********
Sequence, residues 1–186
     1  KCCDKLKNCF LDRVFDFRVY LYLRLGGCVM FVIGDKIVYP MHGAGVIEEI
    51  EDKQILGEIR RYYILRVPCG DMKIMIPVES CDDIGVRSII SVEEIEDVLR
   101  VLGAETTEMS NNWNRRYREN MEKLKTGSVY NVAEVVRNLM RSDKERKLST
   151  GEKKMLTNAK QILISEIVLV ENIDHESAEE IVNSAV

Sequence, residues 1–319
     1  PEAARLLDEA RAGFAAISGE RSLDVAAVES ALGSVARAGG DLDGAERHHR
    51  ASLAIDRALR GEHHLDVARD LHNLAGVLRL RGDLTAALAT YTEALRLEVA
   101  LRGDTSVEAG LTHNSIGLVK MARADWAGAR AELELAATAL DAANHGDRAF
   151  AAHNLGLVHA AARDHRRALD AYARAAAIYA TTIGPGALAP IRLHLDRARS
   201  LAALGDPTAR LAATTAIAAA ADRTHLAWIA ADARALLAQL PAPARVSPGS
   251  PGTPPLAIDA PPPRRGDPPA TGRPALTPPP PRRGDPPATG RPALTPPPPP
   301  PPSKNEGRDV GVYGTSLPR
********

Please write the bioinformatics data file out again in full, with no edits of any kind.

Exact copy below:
Sequence, residues 1–186
     1  KCCDKLKNCF LDRVFDFRVY LYLRLGGCVM FVIGDKIVYP MHGAGVIEEI
    51  EDKQILGEIR RYYILRVPCG DMKIMIPVES CDDIGVRSII SVEEIEDVLR
   101  VLGAETTEMS NNWNRRYREN MEKLKTGSVY NVAEVVRNLM RSDKERKLST
   151  GEKKMLTNAK QILISEIVLV ENIDHESAEE IVNSAV

Sequence, residues 1–319
     1  PEAARLLDEA RAGFAAISGE RSLDVAAVES ALGSVARAGG DLDGAERHHR
    51  ASLAIDRALR GEHHLDVARD LHNLAGVLRL RGDLTAALAT YTEALRLEVA
   101  LRGDTSVEAG LTHNSIGLVK MARADWAGAR AELELAATAL DAANHGDRAF
   151  AAHNLGLVHA AARDHRRALD AYARAAAIYA TTIGPGALAP IRLHLDRARS
   201  LAALGDPTAR LAATTAIAAA ADRTHLAWIA ADARALLAQL PAPARVSPGS
   251  PGTPPLAIDA PPPRRGDPPA TGRPALTPPP PRRGDPPATG RPALTPPPPP
   301  PPSKNEGRDV GVYGTSLPR